The Oklahoman editorial board can’t stop whining about the defeat of Schools Superintendent Janet Barresi in the recent Republican primary election.
An editorial published on NewsOK.com Monday essentially makes the argument that so-called conservative education “reformers,” such as Barresi, are courageous people battling an entrenched “status quo” that simply don’t want to improve student performance. Pointing to Oklahoma’s low test scores, the editorial tries to create this narrative:
Barresi and her reform counterparts nationwide have sought to improve such depressing statistics. They’ve stepped into the arena, showing courage and commitment that excuse-a-minute establishment critics will never match.
The word “simply” in the paragraph before the quote is key to understanding The Oklahoman lament. The editorial fails to address crucial counter arguments while presenting its narrow views and thus fails the argumentative test.
Here are points to consider:
(1) Low test scores in Oklahoma or elsewhere can’t be blamed on educators alone. There are deep, long-term social and health problems in Oklahoma, including underfunded child welfare programs and poor medical access. When children are hungry and sick, often changing schools because of unstable homes, we can’t expect them to perform well on tests. The schools with the poorest students will always have the worst test scores. It takes a holistic approach—sometimes dealing with issues outside the specific scope of pedagogy— to improve education. The Oklahoman, while often bemoaning the state’s social problems, never applies that same stance to education.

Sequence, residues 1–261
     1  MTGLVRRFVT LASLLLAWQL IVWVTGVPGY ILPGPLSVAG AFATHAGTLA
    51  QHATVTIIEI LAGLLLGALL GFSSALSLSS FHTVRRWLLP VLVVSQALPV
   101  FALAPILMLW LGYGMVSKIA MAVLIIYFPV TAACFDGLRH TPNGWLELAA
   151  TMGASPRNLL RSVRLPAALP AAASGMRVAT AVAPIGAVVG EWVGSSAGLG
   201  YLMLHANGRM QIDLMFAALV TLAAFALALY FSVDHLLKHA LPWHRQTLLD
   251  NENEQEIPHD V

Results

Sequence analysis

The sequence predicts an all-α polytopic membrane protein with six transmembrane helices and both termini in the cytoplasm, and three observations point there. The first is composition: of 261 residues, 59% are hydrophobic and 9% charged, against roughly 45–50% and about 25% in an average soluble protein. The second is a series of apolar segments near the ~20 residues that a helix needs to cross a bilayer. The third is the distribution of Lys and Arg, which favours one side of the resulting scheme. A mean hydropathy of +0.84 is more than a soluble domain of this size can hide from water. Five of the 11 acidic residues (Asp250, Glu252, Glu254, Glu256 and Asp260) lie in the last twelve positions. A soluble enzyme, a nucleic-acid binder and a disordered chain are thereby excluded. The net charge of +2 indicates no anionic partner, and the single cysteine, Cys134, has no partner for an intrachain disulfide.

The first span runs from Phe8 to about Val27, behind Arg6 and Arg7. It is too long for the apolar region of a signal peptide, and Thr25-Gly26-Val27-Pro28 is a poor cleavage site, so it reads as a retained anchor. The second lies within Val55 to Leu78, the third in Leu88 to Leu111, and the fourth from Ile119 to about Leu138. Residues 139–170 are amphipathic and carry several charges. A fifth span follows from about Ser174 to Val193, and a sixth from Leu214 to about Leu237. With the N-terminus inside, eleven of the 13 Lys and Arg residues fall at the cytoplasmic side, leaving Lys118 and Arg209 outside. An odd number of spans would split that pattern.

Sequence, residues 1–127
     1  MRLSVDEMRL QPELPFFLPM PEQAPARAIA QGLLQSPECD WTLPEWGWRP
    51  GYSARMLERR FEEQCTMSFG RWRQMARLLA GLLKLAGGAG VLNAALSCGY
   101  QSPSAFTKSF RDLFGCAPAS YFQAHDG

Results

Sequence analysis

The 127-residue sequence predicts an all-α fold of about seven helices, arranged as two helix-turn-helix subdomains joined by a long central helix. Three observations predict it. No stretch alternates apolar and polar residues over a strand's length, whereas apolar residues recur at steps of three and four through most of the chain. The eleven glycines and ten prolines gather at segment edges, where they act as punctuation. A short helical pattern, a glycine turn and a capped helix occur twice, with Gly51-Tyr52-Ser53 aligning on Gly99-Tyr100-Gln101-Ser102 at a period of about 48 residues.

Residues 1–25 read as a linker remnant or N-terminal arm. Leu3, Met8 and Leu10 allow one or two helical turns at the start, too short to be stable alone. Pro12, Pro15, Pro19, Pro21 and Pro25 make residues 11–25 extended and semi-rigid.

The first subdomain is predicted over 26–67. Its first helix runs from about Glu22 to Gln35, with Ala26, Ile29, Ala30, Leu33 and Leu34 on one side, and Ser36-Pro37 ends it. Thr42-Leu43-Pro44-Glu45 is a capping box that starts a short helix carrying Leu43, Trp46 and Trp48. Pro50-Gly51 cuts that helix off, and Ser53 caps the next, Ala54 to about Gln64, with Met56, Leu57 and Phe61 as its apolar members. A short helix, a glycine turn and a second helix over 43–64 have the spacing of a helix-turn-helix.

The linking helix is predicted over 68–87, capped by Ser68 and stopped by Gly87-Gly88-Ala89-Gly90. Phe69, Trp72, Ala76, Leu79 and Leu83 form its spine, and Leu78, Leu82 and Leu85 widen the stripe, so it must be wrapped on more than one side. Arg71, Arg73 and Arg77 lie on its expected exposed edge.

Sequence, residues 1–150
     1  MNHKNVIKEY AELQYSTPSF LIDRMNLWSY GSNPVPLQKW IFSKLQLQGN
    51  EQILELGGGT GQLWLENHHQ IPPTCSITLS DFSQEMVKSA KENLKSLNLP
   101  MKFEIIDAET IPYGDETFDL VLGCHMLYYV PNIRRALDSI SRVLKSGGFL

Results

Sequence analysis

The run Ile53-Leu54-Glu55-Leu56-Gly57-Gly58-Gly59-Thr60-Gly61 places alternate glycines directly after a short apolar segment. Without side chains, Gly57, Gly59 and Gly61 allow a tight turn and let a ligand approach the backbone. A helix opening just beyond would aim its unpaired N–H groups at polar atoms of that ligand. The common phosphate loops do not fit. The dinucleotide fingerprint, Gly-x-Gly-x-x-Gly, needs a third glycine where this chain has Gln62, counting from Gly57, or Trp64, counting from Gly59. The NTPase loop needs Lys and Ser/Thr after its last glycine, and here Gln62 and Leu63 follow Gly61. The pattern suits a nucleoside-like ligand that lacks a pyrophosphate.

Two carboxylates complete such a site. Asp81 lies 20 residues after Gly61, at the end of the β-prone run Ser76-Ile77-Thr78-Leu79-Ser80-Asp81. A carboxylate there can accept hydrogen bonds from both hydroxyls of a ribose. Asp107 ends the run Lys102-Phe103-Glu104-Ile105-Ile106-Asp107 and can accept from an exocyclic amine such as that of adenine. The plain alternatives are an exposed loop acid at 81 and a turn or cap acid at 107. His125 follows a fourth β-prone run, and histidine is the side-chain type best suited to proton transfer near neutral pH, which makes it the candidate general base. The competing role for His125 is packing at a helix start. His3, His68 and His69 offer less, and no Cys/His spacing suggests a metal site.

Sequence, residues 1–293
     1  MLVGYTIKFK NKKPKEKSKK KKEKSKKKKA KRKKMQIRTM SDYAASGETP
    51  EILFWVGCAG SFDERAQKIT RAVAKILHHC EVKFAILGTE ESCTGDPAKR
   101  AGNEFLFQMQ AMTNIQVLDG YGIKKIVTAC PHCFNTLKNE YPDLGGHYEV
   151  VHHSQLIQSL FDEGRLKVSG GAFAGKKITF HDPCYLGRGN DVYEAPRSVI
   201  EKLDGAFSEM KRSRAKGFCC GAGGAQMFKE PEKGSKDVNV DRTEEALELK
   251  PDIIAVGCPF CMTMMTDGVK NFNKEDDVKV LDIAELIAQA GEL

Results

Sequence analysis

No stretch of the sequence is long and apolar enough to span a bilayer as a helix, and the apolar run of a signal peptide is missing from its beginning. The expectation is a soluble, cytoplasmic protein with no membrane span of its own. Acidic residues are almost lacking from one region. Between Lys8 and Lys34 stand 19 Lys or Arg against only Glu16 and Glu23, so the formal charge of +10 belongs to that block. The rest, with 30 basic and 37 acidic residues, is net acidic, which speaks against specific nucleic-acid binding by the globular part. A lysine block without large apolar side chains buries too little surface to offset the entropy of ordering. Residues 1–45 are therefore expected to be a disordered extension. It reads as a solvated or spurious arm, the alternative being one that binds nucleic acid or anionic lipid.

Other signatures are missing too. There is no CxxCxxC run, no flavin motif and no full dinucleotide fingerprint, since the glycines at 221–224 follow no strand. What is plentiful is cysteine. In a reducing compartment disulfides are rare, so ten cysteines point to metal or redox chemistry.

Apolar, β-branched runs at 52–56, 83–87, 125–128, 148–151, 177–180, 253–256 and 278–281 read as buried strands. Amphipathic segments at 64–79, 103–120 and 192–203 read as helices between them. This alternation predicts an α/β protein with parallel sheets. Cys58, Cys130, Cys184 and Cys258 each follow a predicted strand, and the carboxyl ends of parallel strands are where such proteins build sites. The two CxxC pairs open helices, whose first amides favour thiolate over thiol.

(2) The editorial doesn’t address the counter argument that recent “reform” efforts in education are based on privatizing our school systems as much as possible. While privatization is not necessarily some evil plot, it does raise alarming questions. Vested, commercial interests have a stake in any testing system or any act of assessment for that matter that will show failure in public schools. Virtually all the recent excessive testing and assessment rubrics, such as the A to F grading of schools, guarantee failed outcomes in places such as Oklahoma.
(3) It goes without saying that education here in Oklahoma has been dreadfully underfunded for decades. More teachers, better equipment, the best textbooks, nicer classrooms and full access to food can contribute to better outcomes. In particular, lowering the teacher to student ratio, along with flooding schools with teaching assistants, can help improve scores, but the conservative reformers in Oklahoma intentionally ignore this. The editorial never mentions the legendary underfunding of Oklahoma schools. How can you make any kind of argument about education in the state without acknowledging that obvious point?
(4) The editorial refers to the status quo or, more specifically, teacher unions and schools superintendents, but it omits crucial details. Teachers and school superintendents, for example, are not against appropriate assessment, which includes testing. It’s essential we have holistic assessment, but high-stakes testing, championed by Barresi and other conservative reformers, only proves the negative. It undermines the philosophical idea of individual needs of individual students, who can make progress on different time frames.
There’s a lot more to say on this issue, but the bottom line is that Barresi loaned $1.2 million to her campaign to get reelected under the conservative school reform philosophy, and she was trounced. In another recent editorial, The Oklahoman noted the supposed demise of the Democratic Party in the state. It should note, as well, the coming demise of the conservative school reform movement here.
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